I got the idea in London in June 2019, the organisation was registered in February of 2020, and we had a van on the road in July of 2020, so it was one year from idea to conception. I put the vast majority of my personal money into it. I managed to get some help from some people who heard about the idea and wanted to support it in the early days. I leveraged all my contacts and everyone I knew. I think my young naivete helped a lot. I would walk into a law firm like Clayton Utz, which is the biggest law firm in Sydney, and I'd pitch them this idea.
I think being young but passionate and having a good pitch helped so I managed to get quite a lot of large corporates on board. I had some amazing mentors and supporters. One of them is Professor Ravinay Bhindi, who's the head of cardiology at Royal North Shore Hospital. When I was having doubts or wondering why I was doing this to myself, he would give me guidance or help motivate me. I also just really read a lot. I read all the RACGP documents on setting up a general practice and all the different clinical governance documents required, corporate governance, how to set up a charity. It was a labour of love, but it was very fortunate timing that I started in my last year of medical school when I had the time and committed myself to it then through all of internship.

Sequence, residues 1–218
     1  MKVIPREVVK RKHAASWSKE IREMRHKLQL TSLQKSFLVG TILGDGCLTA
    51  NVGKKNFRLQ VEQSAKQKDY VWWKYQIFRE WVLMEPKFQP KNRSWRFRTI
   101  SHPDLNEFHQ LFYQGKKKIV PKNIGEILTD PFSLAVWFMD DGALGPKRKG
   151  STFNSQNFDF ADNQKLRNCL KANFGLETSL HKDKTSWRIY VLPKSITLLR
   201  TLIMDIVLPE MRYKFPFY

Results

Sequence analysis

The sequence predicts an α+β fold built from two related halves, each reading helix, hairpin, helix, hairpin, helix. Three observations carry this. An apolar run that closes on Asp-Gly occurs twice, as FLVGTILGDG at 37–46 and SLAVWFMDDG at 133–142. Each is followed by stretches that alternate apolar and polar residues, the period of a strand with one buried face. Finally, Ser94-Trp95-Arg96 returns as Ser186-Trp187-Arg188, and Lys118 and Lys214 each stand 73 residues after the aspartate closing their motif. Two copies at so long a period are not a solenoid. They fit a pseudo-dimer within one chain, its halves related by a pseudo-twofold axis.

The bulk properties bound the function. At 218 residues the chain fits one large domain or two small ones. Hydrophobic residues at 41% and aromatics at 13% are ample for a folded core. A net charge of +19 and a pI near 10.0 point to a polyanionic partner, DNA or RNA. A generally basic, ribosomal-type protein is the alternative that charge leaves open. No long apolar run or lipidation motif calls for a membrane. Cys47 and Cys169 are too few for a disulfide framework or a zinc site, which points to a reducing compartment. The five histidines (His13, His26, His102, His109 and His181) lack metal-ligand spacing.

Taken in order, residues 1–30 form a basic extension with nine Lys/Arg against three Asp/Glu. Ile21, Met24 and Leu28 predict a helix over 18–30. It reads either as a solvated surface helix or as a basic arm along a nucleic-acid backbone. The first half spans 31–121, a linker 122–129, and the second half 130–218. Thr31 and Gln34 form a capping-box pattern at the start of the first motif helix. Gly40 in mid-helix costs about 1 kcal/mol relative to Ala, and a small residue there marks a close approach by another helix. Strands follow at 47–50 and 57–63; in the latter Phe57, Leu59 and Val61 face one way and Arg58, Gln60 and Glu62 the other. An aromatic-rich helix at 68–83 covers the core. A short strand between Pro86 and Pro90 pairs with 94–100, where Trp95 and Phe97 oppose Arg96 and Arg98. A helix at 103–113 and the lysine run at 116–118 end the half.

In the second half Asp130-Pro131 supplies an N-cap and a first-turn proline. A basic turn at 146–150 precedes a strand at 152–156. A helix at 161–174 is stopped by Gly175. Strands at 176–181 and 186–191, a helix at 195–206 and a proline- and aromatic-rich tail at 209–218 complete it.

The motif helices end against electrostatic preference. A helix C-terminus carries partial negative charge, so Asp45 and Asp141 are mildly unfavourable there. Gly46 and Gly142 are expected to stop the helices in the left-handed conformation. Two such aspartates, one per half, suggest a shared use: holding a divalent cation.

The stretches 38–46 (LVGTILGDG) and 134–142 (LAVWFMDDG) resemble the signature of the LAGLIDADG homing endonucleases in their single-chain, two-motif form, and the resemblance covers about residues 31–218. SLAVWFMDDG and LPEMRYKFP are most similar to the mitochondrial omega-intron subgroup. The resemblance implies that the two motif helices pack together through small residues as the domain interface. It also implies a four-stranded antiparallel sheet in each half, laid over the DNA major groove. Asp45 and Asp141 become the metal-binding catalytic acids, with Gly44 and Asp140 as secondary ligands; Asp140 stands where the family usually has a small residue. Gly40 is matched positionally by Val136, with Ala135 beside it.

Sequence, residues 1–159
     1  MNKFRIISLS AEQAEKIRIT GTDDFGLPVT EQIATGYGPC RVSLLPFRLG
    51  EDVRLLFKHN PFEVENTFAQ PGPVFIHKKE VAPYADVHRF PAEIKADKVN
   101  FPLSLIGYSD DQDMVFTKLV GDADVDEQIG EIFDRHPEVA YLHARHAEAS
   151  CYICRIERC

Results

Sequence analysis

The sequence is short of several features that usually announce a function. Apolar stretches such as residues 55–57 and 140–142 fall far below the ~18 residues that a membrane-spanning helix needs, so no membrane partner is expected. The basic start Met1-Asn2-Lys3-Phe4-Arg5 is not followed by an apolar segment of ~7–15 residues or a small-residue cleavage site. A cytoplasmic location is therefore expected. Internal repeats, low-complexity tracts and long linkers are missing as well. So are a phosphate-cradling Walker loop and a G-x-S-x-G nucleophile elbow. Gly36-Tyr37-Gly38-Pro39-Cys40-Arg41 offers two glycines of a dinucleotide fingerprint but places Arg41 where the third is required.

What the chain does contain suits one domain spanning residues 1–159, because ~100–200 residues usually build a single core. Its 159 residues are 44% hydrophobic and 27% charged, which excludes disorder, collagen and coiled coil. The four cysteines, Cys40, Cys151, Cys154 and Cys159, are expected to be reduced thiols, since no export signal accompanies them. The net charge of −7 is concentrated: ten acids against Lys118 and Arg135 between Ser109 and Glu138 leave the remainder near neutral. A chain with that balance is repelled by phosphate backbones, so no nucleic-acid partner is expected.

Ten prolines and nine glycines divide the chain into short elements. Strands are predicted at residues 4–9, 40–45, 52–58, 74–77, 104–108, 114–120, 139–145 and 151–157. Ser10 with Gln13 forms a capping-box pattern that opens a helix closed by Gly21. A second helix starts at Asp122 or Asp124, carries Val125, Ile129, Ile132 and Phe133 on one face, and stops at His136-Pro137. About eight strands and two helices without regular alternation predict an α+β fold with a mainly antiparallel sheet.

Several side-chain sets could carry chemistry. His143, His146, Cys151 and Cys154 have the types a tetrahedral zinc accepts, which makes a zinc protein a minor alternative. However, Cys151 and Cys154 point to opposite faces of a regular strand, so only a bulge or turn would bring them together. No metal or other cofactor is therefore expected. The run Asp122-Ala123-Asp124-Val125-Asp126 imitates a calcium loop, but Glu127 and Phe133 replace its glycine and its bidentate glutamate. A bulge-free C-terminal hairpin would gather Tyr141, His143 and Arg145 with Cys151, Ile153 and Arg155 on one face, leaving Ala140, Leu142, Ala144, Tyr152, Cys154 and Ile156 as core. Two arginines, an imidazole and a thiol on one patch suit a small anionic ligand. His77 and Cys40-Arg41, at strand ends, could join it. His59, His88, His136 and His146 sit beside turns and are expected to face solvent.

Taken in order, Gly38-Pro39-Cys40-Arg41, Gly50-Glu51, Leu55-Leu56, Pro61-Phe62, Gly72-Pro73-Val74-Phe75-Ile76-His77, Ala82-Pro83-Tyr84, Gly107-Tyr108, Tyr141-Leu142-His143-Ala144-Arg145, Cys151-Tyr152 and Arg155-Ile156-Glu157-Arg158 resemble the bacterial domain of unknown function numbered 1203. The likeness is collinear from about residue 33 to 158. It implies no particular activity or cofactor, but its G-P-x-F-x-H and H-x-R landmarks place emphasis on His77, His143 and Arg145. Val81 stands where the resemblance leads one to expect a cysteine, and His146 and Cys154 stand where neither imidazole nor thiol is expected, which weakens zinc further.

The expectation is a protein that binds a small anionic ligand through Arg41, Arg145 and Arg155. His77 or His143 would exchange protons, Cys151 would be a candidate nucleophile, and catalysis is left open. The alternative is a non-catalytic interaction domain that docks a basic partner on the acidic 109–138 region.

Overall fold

It really is a team effort, a volunteer-run organisation. There are some amazing people who helped push it along. Every clinic has to have a GP, so they’re the core volunteer, but we have everyone: doctors, speech therapists, physiotherapists, occupational therapists, social workers, pharmacists and non-medical volunteers.
We've been going out to four clinics and actively expanding so we have a clinic in Woolloomooloo, Parramatta in Manly and in Brookvale with the one van. We've seen hundreds of patients, most of whom haven't seen doctors in many years or have health issues that have gone neglected for years. We've picked up quite a lot of chronic health conditions like diabetes, chronic kidney disease and thyroid dysfunction. Quite literally, the service has saved people's lives both from medical issues but also mental health concerns. We've linked them in with other medical services and stakeholders to support them outside of our service. We're only there for three hours a week so collaboration is essential.
The sense of achievement for patients when they come into the van – they have an issue, we can do something about it here and now, they can leave better than when they came in – really resonates with them. We've helped a number of people – I could count them on one or two hands – back into society. We’ve got them temporary or permanent accommodation, helped them to get a job and then now they've broken the cycle. More than anything, that's provided hope, especially in a dark time.